# Video: GCSE Mathematics Foundation Tier Pack 3 • Paper 1 • Question 6

GCSE Mathematics Foundation Tier Pack 3 • Paper 1 • Question 6

02:20

### Video Transcript

Ryan rolls a fair six-sided die numbered from one to six. Part a) Using a cross, mark on the probability scale the probability of rolling an even number.

A probability scale is used to show the chance or likelihood of an event occurring. Events that are impossible have a probability of zero and events that are certain to happen have a probability of one. Other events are placed on the scale according to the probability of them occurring.

In part a of this question, we were asked about the probability of rolling an even number on a fair six-sided die, which has faces numbered from one to six. The keyword in this question is “fair,” which means that the die has an equal probability or chance of landing on each face. And therefore, the outcomes of one, two, three, four, five, and six are all equally likely to occur.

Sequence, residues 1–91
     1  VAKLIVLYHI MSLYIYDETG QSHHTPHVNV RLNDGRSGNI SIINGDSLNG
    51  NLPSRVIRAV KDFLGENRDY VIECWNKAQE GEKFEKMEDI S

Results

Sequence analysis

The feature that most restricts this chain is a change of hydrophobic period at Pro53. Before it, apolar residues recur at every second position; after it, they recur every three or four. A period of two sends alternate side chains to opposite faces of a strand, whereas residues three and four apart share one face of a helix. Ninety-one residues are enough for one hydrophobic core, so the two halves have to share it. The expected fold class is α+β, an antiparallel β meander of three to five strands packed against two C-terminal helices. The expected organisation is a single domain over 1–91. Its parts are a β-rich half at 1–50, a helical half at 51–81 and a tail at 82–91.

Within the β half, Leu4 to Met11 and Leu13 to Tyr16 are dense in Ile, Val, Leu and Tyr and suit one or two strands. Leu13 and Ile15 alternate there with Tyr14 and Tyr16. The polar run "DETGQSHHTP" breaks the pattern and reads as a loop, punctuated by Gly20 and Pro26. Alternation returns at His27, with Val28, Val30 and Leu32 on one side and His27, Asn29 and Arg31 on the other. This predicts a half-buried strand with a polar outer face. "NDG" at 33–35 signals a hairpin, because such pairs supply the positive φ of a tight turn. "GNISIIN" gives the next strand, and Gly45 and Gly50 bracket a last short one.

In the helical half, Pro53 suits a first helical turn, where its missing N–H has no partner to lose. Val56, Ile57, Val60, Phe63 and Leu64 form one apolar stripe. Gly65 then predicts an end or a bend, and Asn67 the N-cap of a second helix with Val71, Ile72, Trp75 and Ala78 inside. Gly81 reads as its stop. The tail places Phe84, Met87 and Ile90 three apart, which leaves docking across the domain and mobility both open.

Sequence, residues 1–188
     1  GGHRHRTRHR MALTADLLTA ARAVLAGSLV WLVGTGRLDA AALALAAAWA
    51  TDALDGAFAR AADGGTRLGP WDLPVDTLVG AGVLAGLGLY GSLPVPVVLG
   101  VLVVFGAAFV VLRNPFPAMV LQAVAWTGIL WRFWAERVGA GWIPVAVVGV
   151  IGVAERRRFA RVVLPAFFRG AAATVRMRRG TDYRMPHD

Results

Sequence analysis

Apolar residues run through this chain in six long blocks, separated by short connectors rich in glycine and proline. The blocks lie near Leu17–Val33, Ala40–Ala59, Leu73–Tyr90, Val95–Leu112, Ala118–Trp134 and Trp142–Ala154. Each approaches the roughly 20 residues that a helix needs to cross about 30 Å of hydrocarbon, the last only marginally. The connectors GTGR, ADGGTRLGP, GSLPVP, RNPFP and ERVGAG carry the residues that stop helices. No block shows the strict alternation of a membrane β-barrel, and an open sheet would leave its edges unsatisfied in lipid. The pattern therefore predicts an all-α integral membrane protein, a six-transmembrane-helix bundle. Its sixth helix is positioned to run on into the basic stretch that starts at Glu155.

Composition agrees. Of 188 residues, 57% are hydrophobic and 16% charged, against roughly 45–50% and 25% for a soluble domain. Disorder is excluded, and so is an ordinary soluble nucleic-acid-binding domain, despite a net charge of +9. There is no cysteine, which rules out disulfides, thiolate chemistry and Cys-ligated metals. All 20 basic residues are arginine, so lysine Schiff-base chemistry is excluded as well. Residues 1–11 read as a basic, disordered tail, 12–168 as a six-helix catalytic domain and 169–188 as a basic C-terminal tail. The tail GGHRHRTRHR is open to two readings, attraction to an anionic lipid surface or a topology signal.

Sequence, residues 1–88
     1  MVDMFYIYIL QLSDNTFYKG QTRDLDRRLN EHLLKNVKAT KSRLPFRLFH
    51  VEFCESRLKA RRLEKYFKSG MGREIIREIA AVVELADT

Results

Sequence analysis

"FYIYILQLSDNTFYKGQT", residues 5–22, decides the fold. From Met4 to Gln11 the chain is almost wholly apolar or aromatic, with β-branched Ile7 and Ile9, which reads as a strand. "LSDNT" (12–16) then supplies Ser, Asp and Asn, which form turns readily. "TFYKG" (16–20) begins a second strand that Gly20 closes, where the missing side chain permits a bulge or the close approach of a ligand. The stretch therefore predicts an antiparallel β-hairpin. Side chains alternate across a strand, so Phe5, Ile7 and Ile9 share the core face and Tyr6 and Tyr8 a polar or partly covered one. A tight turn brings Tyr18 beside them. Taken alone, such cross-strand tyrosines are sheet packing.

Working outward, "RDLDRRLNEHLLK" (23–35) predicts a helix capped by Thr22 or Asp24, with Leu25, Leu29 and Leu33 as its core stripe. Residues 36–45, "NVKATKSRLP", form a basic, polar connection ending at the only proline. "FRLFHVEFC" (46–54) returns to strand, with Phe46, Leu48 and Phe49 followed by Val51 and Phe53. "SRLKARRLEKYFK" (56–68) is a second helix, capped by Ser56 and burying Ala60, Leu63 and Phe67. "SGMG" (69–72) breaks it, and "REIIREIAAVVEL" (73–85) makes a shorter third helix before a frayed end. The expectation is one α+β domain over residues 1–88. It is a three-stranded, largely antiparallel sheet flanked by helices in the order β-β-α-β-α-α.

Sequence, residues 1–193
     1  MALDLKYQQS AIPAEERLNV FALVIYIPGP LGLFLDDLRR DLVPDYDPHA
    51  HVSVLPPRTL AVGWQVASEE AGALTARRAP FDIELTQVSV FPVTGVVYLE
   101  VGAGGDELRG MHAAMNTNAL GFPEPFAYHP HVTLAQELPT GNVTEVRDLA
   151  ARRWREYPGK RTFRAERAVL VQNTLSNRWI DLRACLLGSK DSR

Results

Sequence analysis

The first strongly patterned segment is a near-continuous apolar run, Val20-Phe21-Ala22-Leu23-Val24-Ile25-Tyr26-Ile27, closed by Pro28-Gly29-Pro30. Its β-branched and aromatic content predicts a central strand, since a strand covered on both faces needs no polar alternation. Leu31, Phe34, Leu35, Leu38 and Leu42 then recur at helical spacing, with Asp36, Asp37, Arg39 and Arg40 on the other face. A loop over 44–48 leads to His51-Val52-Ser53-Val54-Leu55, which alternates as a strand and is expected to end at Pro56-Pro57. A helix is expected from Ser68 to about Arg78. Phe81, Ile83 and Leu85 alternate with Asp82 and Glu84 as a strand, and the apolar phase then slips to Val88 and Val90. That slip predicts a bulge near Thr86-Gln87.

There are three even numbers: two, four, and six. And as each of these numbers are equally likely, this means that the probability of scoring a two, a four, or a six is three out of six or three-sixths. This fraction can be cancelled down by dividing both the numerator and denominator by three to give one over two or one-half.

We can, therefore, put this cross in the very center of our probability scale, at a probability of one-half.

Now, let’s look at the second part of this question.

Part b) says, “Using a cross, mark on the probability scale the probability of rolling a number less than four.” So we have the same setup as before, which means the possible outcomes are the numbers one, two, three, four, five, and six all with an equal chance of occurring. The numbers which are less than four so that strictly less than four, not including four itself are one, two, and three.

So again, we have three out of six possible outcomes, which gives a fraction of three over six, which can be simplified to one-half. The cross for part b also goes in the very center of the probability scale.